It was a long weekend up here in Canada, so we took the kids to the beach on Sunday to watch the sunset. It was beautiful.
On the 3 hour drive home, I got to spend a lot of time thinking – since everyone was asleep. And one of the thoughts that came into mind was how I could train with kettlebells everyday, but make it incredibly simple. Not having to worry about intensity or measuring volume or anything like that.
I've always been an advocate of taking one FULL DAY OFF where you don't do anything other than rest and recharge, so that leaves 6 days of training.
And with 6 days and 6 foundational kettlebell exercises, you've got yourself a program.
The major advantage of having to do only one kettlebell exercise per day is the FOCUS element. You can concentrate fully on what needs to be done, how tight your form is and how to master every aspect of that exercise.
Remember, it's about PRACTICE and not TRAINING.
The only thing that I would add is some upper back/ pulling work for posture and because I'm a HUGE proponent of training the back for both performance and aesthetics.
You've got to remember that kettlebell exercises can be divided into both BALLISTIC and GRINDING exercises – ballistic being explosive and grinding being more "strength" based.
So if we assume that we'd be training from Monday to Saturday and taking Sunday OFF, I would split my routine up like this…
Monday – Military Press & a Rowing variation
I'm a big fan of combining overhead pressing with rows. I think that the 2 movements compliment each other very well and I personally have gone pain-free in my shoulders for 4 years now thanks to doing lots of rows. For rowing exercises I like doing bodyweight rows on rings, but my favourite rows right now are Kroc Rows. This involves taking my 36kg kettlebell and doing as many reps as I possibly can in one set. This works my grip, my biceps, and my upper back like nothing else. Check out the video below and watch Matt Kroc (the originator, I suppose) do a set of 25 with a 225lb dumbbell…
For the Military Press, depending on how heavy of kettlebells you have access to, I would aim for multiple sets of 5 reps per arm. For the rows, I would do sets of 10-12 in between each set of Military Presses and then once you've done all your supersets, I'd rest and do 1 all out set of Krocs with as much weight as you can handle. Remember, especially with the Kroc Rows, your goal would be to beat your previous number in the next workout.
Tuesday – Swing
The swing is a great "break" (and I use that term lightly) from the rigors of doing some like Kroc Rows. True that the swing is a grip intensive exercise – but what kettlebell exercise isn't? – but swinging on your 2nd day and as your first ballistic day is great for 2 reasons…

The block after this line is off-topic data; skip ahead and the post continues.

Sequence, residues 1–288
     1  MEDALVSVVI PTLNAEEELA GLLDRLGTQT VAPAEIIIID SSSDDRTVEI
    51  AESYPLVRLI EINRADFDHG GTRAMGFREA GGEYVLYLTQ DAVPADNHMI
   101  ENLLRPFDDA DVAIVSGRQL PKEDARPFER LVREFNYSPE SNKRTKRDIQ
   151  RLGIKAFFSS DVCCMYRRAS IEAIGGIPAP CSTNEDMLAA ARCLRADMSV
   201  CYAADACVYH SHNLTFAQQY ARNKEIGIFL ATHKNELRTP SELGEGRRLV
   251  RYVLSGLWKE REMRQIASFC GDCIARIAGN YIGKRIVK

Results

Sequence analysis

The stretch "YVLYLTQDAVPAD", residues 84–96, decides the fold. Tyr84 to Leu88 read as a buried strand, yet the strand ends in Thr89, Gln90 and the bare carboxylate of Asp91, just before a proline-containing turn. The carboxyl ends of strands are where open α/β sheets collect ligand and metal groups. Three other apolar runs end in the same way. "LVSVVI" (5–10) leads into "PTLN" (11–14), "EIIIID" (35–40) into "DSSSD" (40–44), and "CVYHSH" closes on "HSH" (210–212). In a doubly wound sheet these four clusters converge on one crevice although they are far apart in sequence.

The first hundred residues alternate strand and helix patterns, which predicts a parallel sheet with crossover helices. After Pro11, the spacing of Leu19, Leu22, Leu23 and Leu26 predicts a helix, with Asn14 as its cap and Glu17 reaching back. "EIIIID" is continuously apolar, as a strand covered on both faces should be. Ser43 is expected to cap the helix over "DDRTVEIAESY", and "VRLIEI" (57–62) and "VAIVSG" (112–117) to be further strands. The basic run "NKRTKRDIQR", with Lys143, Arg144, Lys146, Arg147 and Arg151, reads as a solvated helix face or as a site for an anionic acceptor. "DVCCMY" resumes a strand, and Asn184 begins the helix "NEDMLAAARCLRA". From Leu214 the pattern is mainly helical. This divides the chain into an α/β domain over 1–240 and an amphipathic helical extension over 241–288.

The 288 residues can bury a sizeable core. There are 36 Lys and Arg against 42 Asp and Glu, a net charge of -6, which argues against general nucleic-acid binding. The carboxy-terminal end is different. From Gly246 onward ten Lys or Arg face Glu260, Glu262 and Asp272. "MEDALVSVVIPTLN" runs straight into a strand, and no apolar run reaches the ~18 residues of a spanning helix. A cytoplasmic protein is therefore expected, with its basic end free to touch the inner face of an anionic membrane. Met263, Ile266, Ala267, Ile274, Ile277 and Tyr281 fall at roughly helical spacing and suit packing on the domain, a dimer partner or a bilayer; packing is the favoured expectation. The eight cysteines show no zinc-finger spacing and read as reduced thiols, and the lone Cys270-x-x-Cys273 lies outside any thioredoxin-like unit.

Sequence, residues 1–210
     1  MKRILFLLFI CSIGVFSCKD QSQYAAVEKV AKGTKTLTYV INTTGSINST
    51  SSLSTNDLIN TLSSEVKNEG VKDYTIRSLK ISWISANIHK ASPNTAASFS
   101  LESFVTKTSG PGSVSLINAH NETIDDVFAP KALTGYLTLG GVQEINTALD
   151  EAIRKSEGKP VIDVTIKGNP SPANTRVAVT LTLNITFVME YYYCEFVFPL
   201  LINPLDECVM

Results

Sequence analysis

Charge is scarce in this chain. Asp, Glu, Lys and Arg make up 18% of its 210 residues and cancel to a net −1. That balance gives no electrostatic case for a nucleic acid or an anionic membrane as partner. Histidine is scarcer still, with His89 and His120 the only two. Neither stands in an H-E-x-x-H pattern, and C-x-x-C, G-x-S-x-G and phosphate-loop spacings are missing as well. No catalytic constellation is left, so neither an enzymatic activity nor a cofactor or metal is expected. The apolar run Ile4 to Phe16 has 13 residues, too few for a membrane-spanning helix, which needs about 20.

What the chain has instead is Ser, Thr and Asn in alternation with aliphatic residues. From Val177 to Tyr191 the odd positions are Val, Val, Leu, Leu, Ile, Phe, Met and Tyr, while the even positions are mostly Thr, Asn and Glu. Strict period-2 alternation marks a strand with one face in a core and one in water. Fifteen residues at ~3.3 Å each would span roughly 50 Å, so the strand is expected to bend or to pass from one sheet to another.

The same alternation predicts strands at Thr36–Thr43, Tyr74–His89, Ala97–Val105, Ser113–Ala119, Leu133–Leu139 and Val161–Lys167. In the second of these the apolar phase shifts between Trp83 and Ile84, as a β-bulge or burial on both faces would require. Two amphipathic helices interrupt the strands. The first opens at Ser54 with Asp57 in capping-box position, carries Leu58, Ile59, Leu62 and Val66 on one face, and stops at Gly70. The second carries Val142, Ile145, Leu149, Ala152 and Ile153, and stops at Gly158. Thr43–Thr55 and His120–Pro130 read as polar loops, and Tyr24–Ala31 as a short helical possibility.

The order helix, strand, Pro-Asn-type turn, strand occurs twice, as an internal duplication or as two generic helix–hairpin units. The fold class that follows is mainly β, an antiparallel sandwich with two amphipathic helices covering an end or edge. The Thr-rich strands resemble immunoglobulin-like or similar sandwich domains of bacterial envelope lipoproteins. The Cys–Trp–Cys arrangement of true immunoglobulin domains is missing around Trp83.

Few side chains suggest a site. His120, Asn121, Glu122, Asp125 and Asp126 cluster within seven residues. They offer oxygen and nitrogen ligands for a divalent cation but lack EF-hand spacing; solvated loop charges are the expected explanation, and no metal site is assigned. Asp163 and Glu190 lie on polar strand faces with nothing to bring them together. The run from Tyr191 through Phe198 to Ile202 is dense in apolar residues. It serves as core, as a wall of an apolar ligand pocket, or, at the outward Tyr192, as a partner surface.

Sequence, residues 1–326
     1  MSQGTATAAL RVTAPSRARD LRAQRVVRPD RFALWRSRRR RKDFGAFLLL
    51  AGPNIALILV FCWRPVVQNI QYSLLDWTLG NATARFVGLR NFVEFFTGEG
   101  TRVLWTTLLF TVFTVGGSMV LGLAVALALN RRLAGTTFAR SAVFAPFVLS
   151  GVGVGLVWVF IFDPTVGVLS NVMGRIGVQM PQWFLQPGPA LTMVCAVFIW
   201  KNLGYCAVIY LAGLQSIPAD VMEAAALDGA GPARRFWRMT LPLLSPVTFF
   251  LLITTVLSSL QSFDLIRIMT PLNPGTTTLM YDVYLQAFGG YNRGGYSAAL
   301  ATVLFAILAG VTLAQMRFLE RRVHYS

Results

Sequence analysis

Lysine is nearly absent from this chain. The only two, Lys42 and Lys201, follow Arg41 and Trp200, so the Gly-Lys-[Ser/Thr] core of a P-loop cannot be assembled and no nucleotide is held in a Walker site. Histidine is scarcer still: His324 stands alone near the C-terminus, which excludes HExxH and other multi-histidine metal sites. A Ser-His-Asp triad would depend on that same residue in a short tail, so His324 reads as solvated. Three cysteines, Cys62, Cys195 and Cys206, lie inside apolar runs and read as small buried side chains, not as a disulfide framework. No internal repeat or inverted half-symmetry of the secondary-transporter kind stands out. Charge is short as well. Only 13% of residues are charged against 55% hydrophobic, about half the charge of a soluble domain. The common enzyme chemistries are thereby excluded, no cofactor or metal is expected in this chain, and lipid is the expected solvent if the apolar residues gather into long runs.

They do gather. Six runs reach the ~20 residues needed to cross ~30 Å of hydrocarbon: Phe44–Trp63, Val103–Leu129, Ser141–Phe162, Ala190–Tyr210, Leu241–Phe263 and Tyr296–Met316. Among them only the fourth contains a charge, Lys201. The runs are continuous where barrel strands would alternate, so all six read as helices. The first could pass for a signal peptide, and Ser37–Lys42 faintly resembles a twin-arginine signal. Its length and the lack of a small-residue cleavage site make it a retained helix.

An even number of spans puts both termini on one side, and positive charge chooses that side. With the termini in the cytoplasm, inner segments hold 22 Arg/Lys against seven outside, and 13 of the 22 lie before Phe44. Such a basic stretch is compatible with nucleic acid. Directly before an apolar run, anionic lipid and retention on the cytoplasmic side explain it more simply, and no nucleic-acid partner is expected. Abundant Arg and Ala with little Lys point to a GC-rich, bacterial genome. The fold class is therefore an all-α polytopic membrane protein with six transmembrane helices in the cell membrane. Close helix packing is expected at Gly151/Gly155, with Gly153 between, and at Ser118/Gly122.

1. It will get a lot of blood into the potentially sore and tired muscles you worked yesterday – your upper back and shoulders and
2. It will allow you to really dial in your technique and prepare for the more technically demanding ballistic exercises to come – the clean and snatch. Getting that hip snap and rooting is critical in cleaning and snatching your kettlebell with proper form and it's best to clean that up and get it in-tune sooner than later.
I like doing swings for lots of reps, so I would aim to try to do 100 in a few sets as possible. Once you master that – ie. once you can do 100 without stopping – start adding reps in increments of 10-15 per workout.
Tuesday will be a short, but intense, workout.
Wednesday – Get Up
The Get Up is probably the most technically demanding of all kettlebell exercises and it's the one that works your entire body the hardest. That's why it isn't paired up with any other exercise. It can also get very cardio intensive if you do enough of them and you use a challenging weight.
The Get Up is the one exercise that I am adamant that you PRACTICE. Really focus on doing each rep and element of the exercise perfectly and with control and you'll get a great workout.
I would just alternate singles of the get up and do as many as I can within a specific time period – say 20 or 30 minutes.
Thursday – Clean
I love this exercise, especially with double Kettlebells. There's no better kettlebell exercise for total athletic development than double KB cleans.
My personal clean workout is simple…
Double 24kg KBs. 50 Cleans in a Row. No Stopping. Wash, rinse, repeat.
My goal is to get to 100 straight.
Friday – Squat & Chin-Up
Squatting is the most primal of any exercise out there and depending on your technique and how much KB weight you have access to, you can do them for high reps.
I, however, prefer to use squatting as a mobility exercise when I do them "Goblet" style and really focus on "prying" my hips open at the bottom of the movement. I'll do 5 reps making sure that I'm getting nice and low and that my chest stays high and my back stays straight.
In contrast, I like to do lots of chin-ups. Being able to do 20 almost-dead-hang chin-ups is like wearing a badge of honor and I pride myself on being able to do that.
For chin-ups I like to keep things pretty simple as well…40 reps in as few sets as possible, NEVER going to fatigue in any of the sets.
Saturday – Snatch
Saturday is the day that I like to get a little crazy and just go all out. I do this because I know it's the last day of the training week and because I know that I get rewarded with a day off the next day.
These days I'm doing VO2 Max training with my 16kg kettlebell. But in the past, I've gone back and have attempted to do the RKC snatch test with the 24kg and have done sets of triples with the 32 and 36kg.
I'll get creative on "Snatch" day and make sure that I track my progress.
So based on the 6 Foundational Kettlebell Exercises, that's how I would program if I was to train everyday.
Would you do anything different? Leave a comment and let me know!
Chris Lopez, RKC